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Add-on to Sheyenne’s Law passes through NC House

SALISBURY — Rep. Larry Pittman, R-83, is getting a second chance after an addition to Sheyenne’s Law to be it passed in the N.C. House on Monday night.

If passed, House Bill 66 would require anyone convicted of felony death by vehicle or death by impaired boating to serve jail time.

In 2016, Pittman led the passing of Sheyenne’s Law, named after Cabarrus County teenager Sheyenne Marshall, who was killed on Lake Norman. The law made it a felony charge — instead of a misdemeanor — if an impaired boater caused serious injury or death.

“The Marshalls are sentenced to a lifetime without Sheyenne,” Pittman said. “It is not too much to ask that someone who commits an act like this serve at least a minimum sentence in jail.”

The bill was co-sponsored by Reps. Michael Speciale, R-3, Darren G. Jackson, D-39, and Charles Graham, D-47. The bill passed in the House 86-28. Pittman said having two Democratic sponsors and the fact that Jackson is the House Democratic leader helped in passing the bill.

Pittman is hopeful that this part of the bill, which he also sponsored in 2017, will receive support in the Senate. Though it was passed in the House, it was not heard in the Senate. House Bill 66 passed its first reading on Tuesday and was referred to the committee on rules and operations.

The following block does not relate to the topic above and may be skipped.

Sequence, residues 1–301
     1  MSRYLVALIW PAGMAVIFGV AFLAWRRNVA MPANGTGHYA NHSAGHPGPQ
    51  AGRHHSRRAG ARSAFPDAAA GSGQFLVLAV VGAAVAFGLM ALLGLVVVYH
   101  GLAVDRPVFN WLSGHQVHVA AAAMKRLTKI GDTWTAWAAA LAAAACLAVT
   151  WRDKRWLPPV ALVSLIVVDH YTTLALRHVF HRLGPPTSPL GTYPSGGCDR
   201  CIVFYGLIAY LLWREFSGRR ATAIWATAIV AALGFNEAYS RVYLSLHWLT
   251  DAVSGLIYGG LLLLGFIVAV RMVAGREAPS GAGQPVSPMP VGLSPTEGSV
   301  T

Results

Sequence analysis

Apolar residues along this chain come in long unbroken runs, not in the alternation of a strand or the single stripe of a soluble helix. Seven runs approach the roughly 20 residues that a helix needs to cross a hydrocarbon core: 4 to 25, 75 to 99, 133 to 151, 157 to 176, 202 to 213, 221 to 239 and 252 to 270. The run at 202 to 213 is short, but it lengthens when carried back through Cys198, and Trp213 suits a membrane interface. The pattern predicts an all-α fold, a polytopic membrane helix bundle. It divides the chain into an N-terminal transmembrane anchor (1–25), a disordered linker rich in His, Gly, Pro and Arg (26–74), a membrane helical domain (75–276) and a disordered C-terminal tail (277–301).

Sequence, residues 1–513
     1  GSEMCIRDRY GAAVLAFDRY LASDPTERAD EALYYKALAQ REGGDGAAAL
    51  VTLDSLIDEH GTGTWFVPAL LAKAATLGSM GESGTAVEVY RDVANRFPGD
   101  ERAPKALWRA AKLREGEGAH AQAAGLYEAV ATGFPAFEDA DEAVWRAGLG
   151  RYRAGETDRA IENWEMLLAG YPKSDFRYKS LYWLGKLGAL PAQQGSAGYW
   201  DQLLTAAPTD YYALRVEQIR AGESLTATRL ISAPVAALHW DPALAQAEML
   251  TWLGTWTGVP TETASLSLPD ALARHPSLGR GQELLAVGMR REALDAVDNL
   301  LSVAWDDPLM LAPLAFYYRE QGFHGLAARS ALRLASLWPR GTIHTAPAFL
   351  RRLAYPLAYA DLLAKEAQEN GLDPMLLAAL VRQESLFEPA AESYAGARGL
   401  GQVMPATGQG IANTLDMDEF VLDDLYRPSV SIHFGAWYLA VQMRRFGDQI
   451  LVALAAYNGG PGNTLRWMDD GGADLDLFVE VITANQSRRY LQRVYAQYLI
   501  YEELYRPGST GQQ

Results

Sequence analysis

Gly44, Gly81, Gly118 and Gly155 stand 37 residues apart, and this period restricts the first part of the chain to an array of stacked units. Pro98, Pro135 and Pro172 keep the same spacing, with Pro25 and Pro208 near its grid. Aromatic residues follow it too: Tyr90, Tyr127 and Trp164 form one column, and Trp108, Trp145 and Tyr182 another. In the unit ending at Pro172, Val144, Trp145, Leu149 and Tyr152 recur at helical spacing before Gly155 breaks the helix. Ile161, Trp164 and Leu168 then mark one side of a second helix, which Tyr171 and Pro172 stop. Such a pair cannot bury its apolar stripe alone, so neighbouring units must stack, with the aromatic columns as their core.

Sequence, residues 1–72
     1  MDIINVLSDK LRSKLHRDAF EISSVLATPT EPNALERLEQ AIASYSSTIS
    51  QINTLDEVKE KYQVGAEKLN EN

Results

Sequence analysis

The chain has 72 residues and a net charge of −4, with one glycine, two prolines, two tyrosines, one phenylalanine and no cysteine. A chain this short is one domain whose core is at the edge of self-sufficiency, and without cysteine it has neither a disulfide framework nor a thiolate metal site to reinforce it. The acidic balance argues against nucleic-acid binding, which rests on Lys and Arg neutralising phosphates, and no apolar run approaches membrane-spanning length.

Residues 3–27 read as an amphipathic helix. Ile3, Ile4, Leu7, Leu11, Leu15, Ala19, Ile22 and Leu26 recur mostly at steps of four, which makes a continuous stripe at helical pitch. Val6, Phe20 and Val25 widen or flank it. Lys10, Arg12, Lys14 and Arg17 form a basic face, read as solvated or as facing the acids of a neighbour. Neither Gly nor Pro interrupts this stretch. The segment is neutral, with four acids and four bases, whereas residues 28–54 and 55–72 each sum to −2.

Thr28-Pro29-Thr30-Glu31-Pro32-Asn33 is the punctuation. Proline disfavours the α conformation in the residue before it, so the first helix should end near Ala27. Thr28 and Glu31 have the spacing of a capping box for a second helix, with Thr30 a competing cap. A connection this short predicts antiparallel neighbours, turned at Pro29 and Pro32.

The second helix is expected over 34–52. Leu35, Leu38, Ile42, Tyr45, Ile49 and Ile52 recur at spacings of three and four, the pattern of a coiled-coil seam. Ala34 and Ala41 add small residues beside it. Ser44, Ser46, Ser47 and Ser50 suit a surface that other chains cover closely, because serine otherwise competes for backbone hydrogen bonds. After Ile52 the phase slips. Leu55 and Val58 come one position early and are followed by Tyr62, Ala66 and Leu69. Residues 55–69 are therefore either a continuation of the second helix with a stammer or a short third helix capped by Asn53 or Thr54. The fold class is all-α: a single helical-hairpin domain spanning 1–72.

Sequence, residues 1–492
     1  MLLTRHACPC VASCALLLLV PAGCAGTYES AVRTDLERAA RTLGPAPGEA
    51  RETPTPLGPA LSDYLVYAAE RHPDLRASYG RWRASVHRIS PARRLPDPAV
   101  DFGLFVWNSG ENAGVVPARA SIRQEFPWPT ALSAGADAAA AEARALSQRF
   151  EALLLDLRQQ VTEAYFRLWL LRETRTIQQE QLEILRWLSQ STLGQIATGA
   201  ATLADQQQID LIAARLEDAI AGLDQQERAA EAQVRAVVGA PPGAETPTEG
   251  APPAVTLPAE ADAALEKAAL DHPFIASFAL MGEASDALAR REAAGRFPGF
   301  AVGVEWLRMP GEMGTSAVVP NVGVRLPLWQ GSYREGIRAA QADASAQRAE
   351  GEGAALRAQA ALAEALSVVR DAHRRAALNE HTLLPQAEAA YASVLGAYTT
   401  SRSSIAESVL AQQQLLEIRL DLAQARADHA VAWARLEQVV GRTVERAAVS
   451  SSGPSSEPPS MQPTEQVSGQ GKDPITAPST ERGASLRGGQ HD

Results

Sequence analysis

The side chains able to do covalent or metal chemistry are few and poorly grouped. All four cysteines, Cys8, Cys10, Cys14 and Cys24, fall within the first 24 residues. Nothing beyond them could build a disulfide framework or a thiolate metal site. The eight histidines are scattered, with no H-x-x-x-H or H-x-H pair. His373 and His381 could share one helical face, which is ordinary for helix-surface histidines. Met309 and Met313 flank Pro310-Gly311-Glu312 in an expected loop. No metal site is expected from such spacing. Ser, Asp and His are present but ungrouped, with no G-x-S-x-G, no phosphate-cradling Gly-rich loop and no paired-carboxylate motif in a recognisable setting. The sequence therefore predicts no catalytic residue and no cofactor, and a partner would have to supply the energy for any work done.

Pittman has a supporter on the Senate side. Sen. Carl Ford, R-33, was a primary sponsor for Sheyenne’s Law in 2016. Now in the other chamber, Ford says he’s in a good place to have some weight in both the Senate and the House.

“I think it’s needed, and I think it’s overdue,” Ford said, adding he thinks it’s fair that the penalty of impaired boating go hand-in-hand with driving penalties.

When Sheyenne’s Law passed in 2016, the legislators’ response to the bill was kicked into overdrive when it was revealed that the intoxicated boat driver served only probation and not prison time.

Ford said people have to think about the death and the impact on the family, especially ahead of boating season.

Pittman would like to see another add-on to Sheyenne’s Law, making it a conviction that would affect the driver’s license of the offender.

“If someone is running a boat while impaired, they will likely be driving afterward to go home,” Pittman said.

Pittman, though, says he’s been told by colleagues that it would be tougher to get that bill passed.

Ford said if this bill is passed, he will be satisfied with Sheyenne’s Law.

If House Bill 66 passes, it would become effective Dec. 1.



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